How to Avoid Vacation Migraines
Do you feel like every time you take a break from work, your time off is spoiled by a migraine attack?
It’s not just bad luck. Vacation migraine is a real phenomenon, and it can be triggered by all kinds of things: weather changes, jet lag, altered sleep schedules, stress and more.
While there’s no magic trick to prevent a vacation migraine, you can lower your risk by raising your migraine threshold. This means taking actions to make yourself less vulnerable to triggers. Here are three approaches to try:
Can you take off work a few days before you leave on vacation?
You finish your last shift and breathe a huge sigh of relief. Vacation time, baby! Then you’re awakened at 4 a.m. by the unmistakable signs of a migraine coming on. This is awful — how will you drive to the beach house when all you want to do is curl up in a dark room?
If you’ve ever experienced a migraine attack that immediately follows an intense period in work or life, it may be a stress letdown migraine. “Reduction in stress from one day to the next is associated with migraine onset the next day. Decline in stress may be a marker for an impending migraine attack and may create opportunities for preemptive pharmacologic or behavioral interventions,” a small 2014 study in Neurology found.[i]
"This study highlights the importance of stress management and healthy lifestyle habits for people who live with migraine," said study co-author Dawn C. Buse, Ph.D., a clinical professor of neurology at Albert Einstein College of Medicine in New York City who researches migraine, pain and stress.[ii]
Do your best to reduce stress in the days leading up to your break. Get some tips here: Stress Awareness When You’re Living With Migraine. Or, see you can build in a buffer zone of 2-3 days between the end of work and the beginning of your vacation.
Can you let someone else do the planning?
Comparing hotels and vacation rentals. Figuring out a budget. Researching local attractions. Shopping for airfare, renting a car, buying travel insurance.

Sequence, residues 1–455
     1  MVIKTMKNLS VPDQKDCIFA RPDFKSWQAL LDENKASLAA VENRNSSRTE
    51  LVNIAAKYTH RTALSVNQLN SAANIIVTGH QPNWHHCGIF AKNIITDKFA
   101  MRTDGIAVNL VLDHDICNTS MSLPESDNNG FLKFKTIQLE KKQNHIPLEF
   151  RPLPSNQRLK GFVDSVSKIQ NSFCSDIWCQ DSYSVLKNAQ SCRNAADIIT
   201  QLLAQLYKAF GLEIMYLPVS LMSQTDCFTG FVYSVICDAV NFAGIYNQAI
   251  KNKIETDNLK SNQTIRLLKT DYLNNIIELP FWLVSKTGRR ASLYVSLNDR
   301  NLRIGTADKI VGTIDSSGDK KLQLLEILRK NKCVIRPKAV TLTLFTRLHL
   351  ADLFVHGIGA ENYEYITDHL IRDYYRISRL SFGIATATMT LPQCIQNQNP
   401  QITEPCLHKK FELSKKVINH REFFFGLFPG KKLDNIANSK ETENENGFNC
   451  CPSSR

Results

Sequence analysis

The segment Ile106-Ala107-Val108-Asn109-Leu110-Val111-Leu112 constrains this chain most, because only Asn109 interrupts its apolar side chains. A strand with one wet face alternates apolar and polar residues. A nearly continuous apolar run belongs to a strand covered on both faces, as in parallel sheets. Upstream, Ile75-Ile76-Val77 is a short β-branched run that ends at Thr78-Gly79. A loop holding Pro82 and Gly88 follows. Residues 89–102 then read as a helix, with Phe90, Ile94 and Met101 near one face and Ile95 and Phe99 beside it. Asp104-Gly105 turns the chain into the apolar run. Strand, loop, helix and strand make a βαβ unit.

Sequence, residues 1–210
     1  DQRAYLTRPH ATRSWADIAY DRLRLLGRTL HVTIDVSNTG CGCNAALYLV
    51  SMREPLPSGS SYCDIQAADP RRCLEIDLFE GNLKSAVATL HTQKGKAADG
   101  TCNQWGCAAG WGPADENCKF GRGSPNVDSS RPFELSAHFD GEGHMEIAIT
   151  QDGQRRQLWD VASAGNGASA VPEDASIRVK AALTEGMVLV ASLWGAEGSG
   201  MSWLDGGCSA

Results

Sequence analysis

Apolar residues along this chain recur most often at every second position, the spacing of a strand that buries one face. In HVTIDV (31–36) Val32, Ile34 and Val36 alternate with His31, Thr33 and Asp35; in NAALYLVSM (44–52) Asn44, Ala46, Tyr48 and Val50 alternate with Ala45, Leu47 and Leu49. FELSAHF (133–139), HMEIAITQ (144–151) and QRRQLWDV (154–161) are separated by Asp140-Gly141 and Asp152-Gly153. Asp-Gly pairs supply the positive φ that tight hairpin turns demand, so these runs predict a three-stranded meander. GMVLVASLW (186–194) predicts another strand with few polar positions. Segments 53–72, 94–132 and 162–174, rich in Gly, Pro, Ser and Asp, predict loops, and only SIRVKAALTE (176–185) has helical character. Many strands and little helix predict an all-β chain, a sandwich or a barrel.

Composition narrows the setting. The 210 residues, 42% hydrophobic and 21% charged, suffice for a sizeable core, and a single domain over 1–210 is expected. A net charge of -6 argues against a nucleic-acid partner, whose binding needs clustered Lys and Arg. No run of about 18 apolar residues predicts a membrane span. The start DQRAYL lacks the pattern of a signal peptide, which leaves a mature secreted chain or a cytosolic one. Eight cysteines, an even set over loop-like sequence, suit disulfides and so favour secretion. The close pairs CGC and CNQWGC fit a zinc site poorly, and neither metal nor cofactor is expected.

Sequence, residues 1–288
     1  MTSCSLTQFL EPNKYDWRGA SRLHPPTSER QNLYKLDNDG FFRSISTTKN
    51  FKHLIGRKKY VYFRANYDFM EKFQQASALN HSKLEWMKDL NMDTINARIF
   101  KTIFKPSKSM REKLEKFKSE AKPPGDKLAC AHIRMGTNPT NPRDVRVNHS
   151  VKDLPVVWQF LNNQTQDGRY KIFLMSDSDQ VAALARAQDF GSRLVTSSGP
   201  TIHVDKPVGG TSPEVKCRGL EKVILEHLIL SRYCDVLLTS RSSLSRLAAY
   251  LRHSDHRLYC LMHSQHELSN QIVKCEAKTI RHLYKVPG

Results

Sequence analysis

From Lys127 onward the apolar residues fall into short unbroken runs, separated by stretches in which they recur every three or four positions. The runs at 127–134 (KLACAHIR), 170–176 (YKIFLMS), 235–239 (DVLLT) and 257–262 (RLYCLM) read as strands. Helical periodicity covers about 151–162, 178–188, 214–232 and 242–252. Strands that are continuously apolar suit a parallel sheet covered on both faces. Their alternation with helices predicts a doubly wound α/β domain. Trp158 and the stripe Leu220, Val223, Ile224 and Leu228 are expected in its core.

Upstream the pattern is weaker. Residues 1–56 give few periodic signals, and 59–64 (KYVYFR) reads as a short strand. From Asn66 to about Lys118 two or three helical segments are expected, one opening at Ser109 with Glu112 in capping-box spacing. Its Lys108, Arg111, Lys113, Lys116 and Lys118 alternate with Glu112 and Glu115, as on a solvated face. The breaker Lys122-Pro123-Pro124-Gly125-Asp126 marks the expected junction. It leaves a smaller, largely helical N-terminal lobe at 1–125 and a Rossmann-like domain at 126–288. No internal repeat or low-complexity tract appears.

Managing vacation logistics is a challenge, especially when you’re planning for the whole family. If it stresses you out, ask someone else to take the reins. That might be a spouse, partner or even a travel agent. Agents have seen a huge uptick in business recently, as travel has become both more desirable and more complex. A travel agent can find the perfect place to stay, advise you on your destination’s COVID-19 requirements, snag you special deals and freebies, and act as your advocate when things go wrong. Less stress for you means a better chance of a migraine-free vacation.
If you go this route, tell your agent you have migraine and explain any limitations you may have. A travel agent might be able to arrange certain accommodations, such as a room on the quietest side of the resort or a request for the housekeeping staff to use fragrance-free cleaning supplies.
Can you stick to your migraine prevention routine while you’re traveling?
Vacation can tempt you to scrap your normal routines. You want to sleep late! You want to eat four-course meals! You want to sip prosecco while watching the sunset!
The only problem is that migraine hates change, and shaking up your usual patterns can trigger an attack. Instead:
- Stick to your regular sleep-wake schedule, and try to get a full eight hours of sleep.
- Choose foods and drinks that aren’t triggering.
- Eat at regular times, and don’t skip meals.
- Remember to drink enough water, especially if it’s hot.
- Keep up with your exercise routine (or a pared-down version).
- Continue your migraine prevention routines, including using CEFALY’s PREVENT program for 20 minutes daily.
Even if your vacation is months away, the time to invest in drug-free migraine prevention is now. CEFALY is an FDA-cleared medical device that’s clinically proven to quickly treat acute migraine attacks and prevent future episodes. Try CEFALY risk-free for 60 days and see for yourself!
[i] Lipton RB, Buse DC, Hall CB, et al. Reduction in perceived stress as a migraine trigger: testing the "let-down headache" hypothesis. Neurology. 2014;82(16):1395-1401. doi:10.1212/WNL.0000000000000332